I hate to nit-pick, but is it possible that Martha Coakley lost her bid to become Senator of Massachussetts not because people knew her too little but because they just might have known her too well?

I didn’t follow the race super closely and I certainly haven’t studied the exit polls, but I have heard an awful lot about Coakley’s  failure to define herself. It’s certainly possible that the entire debacle turned only on national politics, Democratic arrogance, Massachusetts sexism, and Tea Party backlash, but just on the off chance it swayed some of those 100,000 voters who made the difference, is Coakley’s actual record worth a peek?

Described as a traditional liberal, Coakley was hardly a Ted Kennedy, especially in her chosen field of criminal justice. Here’s a state Attorney General who despite forensic mistakes, lies and evidence of crime lab incompetence, argued personally at the Supreme Court that it was too much of a burden on prosecutors to require crime lab technicians to submit to questioning by defense attorneys in court. That was too much for the Supremes– even Clarence Thomas and Antonin Scalia disagreed with Coakley on that one (and decided in favor of the defense.)

Maybe some voters remembered the “Aqua Teen Hunger Force” hoax in which Boston police wildly overreacted to a stupid promotional stunt and Coakley defended the cops.

And let’s not forget, Coakley might never have built the profile to run for Attorney General if it hadn’t been for her prosecution of Louise Woodward, a young British nanny convicted of shaking an infant to death. As soon as legally possible, a judge reduced that conviction from murder to manslaughter but not before Woodward had been separated from her family and vilified around the globe.

As AG, Coakley defended bogus sex abuse charges against day care workers.  On the Fells Acres Day Care convictions Wall Street Journal reporter Dorothy Rabinowitz, who won a Pulitzer Prize for her coverage, told The Boston Globe, “Martha Coakley was a very, very good soldier who showed she would do anything to preserve this horrendous assault on justice.” Apparently learning nothing, she opposed a state innocence commission to review shaky convictions. The list goes on…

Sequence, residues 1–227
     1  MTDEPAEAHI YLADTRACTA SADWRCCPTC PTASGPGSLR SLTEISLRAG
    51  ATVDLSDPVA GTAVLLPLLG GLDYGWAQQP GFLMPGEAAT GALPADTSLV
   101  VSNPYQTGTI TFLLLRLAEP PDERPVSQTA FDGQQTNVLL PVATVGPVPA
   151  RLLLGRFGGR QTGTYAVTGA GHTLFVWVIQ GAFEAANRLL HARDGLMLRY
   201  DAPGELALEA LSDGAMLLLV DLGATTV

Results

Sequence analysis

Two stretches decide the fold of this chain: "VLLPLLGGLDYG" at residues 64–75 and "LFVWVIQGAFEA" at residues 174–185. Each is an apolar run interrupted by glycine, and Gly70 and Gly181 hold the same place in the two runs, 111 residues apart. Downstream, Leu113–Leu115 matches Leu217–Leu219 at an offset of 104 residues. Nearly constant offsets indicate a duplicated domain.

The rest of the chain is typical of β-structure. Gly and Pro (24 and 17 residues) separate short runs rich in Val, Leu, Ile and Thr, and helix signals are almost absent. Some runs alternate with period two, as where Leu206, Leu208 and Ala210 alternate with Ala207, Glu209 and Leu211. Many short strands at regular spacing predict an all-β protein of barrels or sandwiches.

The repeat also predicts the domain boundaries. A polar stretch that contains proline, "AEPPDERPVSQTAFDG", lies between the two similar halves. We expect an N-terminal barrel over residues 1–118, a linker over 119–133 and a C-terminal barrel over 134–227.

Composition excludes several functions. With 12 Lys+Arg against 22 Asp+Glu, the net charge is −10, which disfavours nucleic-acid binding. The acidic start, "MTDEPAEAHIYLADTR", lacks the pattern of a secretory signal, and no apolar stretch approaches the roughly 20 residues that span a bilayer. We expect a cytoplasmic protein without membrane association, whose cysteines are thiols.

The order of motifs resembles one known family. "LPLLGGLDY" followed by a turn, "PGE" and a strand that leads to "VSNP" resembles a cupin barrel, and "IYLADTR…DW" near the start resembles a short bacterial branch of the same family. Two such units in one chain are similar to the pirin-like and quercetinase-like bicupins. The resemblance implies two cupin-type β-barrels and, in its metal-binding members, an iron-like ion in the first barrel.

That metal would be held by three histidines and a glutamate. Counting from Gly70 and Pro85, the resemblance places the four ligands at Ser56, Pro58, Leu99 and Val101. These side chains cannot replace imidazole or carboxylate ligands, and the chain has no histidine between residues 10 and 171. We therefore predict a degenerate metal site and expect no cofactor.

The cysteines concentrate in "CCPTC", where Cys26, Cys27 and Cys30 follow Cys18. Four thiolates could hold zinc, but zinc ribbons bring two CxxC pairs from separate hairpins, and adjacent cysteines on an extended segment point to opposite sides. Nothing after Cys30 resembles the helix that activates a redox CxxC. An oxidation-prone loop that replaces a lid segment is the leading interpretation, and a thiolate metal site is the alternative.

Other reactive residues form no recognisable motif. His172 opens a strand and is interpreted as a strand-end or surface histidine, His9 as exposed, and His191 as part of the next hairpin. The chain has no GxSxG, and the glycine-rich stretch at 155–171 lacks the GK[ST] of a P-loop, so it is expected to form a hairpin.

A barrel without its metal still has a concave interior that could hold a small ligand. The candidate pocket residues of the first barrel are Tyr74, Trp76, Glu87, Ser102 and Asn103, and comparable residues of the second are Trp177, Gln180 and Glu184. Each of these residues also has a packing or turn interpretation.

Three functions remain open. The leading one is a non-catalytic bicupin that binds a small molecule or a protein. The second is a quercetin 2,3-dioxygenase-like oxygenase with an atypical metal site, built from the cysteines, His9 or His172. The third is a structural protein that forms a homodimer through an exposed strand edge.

Sexism certainly played a part in the way Coakley was treated in the senate race, and in the media. Her cold-fish personal style came in for no end of abuse, but it’s sexist, too, to downplay her (barracuda) professional record. Before the President and the Dems take another dive to the right, it’s at least worth asking: If the Dems had backed a real live, living-and-breathing progressive in the primaries, might things have turned out differently?

The F Word is a regular commentary by Laura Flanders, the host of GRITtv which broadcasts weekdays on satellite TV (Dish Network Ch. 9415 Free Speech TV) on cable, and online at GRITtv.org and TheNation.com. Follow GRITtv or GRITlaura on Twitter.com.

Laura Flanders

Laura Flanders

Laura Flanders, author, and host of RadioNation on Air America Radio, has built a reputation for courageous investigative journalism coupled with compassion and a sense of humor. In writing her last book, Blue Grit, she traveled the country reporting on grassroots success stories and broadcast live to over 150 radio stations from community centers in places including Helena, Salt Lake City, New Orleans, Miami, Las Vegas, and Milwaukee. In her television appearances (Lou Dobbs, Larry King Live,) on radio and in her many books (including Bushwomen: Tales of a Cynical Species) and articles (The Nation and others,) Flanders calls for a new politics of fairness, equality and citizen action. Articulating the human dimension of American communities in trouble, her programs have become destinations for those seeking the skills and the will to make a difference. Flanders is a regular contributor to the Nation Magazine and CNN. Before joining Air America, where she was part of the original lineup, and hosted “The Laura Flanders Show” for three years, Flanders was the founding host of the award-winning “Your Call” weekday mornings on public radio, KALW in the Bay Area and CounterSpin, the radio show of the mediawatch group, FAIR.

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